Updated Renderings Reveal a New Six-Story Building at 27 East 4th Street in NoHo, Manhattan

Updated rendering of 27 East 4th Street - BKSK ArchitectsUpdated rendering of 27 East 4th Street - BKSK Architects

The Landmarks Preservation Commission (LPC) is currently reviewing updated proposals to construct a new six-story commercial building in Manhattan’s NoHo Historic District. Located at 27 East 4th Street, the existing site is currently occupied by a single-story garage that would be demolished.

Existing garage at 27 East 4th Street - BKSK Architects

Existing garage at 27 East 4th Street – BKSK Architects

A scaled back design and reduced height of the building are the latest attempts by property owner Kalodop II Park Corp. to obtain a Certificate of Appropriateness from the LPC. Beginning in 2012, the LPC, Community Board 2, and the neighboring Merchant’s House Museum staunchly opposed the developer’s original applications for zoning amendments that would have permitted the construction of an eight-story hotel.

With the help of BKSK Architects, the developer has drastically modified those plans. The building will reportedly function as an office with a facade that is arguably more contextual in relation to the historic district.

If approved, the building’s facade will mainly be comprised of red brick masonry with ornamental terracotta fins at the base of each window, dark grey metal framing for all windows and doors, and a modest cantilevered terracotta cornice.

The roof of the building is set back to obscure street-level views of a penthouse level and a small terrace. An additional terrace is positioned at the rear of the building accessible to the second floor.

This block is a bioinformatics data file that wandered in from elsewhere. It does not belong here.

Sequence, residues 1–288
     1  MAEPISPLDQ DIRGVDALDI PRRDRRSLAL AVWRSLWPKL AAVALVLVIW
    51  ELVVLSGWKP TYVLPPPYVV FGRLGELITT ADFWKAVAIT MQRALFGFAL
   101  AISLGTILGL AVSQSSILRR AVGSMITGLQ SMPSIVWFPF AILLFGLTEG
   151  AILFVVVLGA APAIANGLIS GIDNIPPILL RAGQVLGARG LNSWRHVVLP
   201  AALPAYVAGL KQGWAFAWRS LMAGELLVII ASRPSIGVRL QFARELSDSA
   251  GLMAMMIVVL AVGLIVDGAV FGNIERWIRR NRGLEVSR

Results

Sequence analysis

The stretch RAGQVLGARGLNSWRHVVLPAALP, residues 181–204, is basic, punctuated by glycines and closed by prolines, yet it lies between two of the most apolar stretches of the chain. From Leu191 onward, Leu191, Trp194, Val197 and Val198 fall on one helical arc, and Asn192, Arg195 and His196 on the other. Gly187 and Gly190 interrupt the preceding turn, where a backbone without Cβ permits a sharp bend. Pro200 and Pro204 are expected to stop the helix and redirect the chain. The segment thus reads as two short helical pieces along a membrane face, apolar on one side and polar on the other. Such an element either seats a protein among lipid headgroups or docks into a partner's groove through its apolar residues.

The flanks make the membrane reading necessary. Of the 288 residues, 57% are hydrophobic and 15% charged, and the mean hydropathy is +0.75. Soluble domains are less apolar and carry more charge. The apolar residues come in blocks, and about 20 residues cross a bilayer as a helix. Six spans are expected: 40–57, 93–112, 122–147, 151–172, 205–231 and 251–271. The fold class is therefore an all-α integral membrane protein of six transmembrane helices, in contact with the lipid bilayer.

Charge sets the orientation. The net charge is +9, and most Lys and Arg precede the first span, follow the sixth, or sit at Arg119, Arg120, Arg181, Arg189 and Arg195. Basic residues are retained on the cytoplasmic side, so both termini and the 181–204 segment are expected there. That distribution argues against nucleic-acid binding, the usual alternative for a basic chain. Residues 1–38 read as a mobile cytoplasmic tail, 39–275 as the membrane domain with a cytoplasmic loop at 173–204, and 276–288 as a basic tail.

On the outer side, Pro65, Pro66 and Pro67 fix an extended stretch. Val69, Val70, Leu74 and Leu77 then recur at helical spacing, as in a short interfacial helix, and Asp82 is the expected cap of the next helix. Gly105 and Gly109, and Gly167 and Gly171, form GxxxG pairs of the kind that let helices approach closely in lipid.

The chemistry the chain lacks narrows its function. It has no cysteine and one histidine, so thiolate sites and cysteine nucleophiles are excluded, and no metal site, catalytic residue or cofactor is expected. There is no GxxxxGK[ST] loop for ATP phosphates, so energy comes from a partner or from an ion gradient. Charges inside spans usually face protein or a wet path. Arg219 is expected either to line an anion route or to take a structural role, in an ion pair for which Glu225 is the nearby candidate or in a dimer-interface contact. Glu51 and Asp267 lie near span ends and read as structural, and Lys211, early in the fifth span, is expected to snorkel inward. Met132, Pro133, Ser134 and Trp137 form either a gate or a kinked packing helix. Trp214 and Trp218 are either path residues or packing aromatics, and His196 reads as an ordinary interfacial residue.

Previous rendering (left) and updated rendering (right) of 27 East 4th Street - BKSK Architects

Previous rendering (left) and updated rendering (right) of 27 East 4th Street – BKSK Architects

Previous rendering (left) updated rendering of rear building elevation (middle), and updated aerial rendering (right) of 27 East 4th Street - BKSK Architects

Previous rendering (left) updated rendering of rear building elevation (middle), and updated aerial rendering (right) of 27 East 4th Street – BKSK Architects

Existing zoning allows for the construction of a six-story building. The Merchant’s House Museum, however, is still strongly against construction and has launched a petition for Gale Brewer, Mayor Bill DeBlasio, and the LPC to squash any possible development on the neighboring site. To date, the petition has over 13,700 signatures.

The biggest complaint from the Merchant’s House Museum is that the new structure will severely damage its foundation and structural integrity. Illustrations presented by BKSK Architects, however, detail how the construction sequencing will protect the integrity of the neighboring museum. This includes steel columns to brace the museum and support the new building, a stepped mat foundation to minimize excavation and settlement, as well as a comprehensive monitoring and protection program.

At this phase of development, it is unknown when or if construction will break ground.

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6 Comments on "Updated Renderings Reveal a New Six-Story Building at 27 East 4th Street in NoHo, Manhattan"

  1. Angel's Body (David). | January 15, 2021 at 8:23 am | Reply

    What people do with trying to change, and I thought that oppose them is not the action: Thank you.

  2. Wow walk around that area and the Landmark area looks like a depression . Isn’t that what Landmark always wanted.

    It is time to end Landmark.

    Serves no purpose for we are in a depression.

    For example let this developer build 20 stories , it creates more jobs , provides more housing .

    • I agree that landmarks needs to go. On the other hand, for this site, I don’t think the economics would work for a 20 story building. There are a lot of savings in not going high rise for such a small floor plate.

  3. Both designs are attractive. The original design/height and the latest design.

  4. It’s a good design and a good addition to the block. The Merchant’s museum needs to get over it. I get their emails and pleas but they have yet to show any evidence that construction would damage their building.

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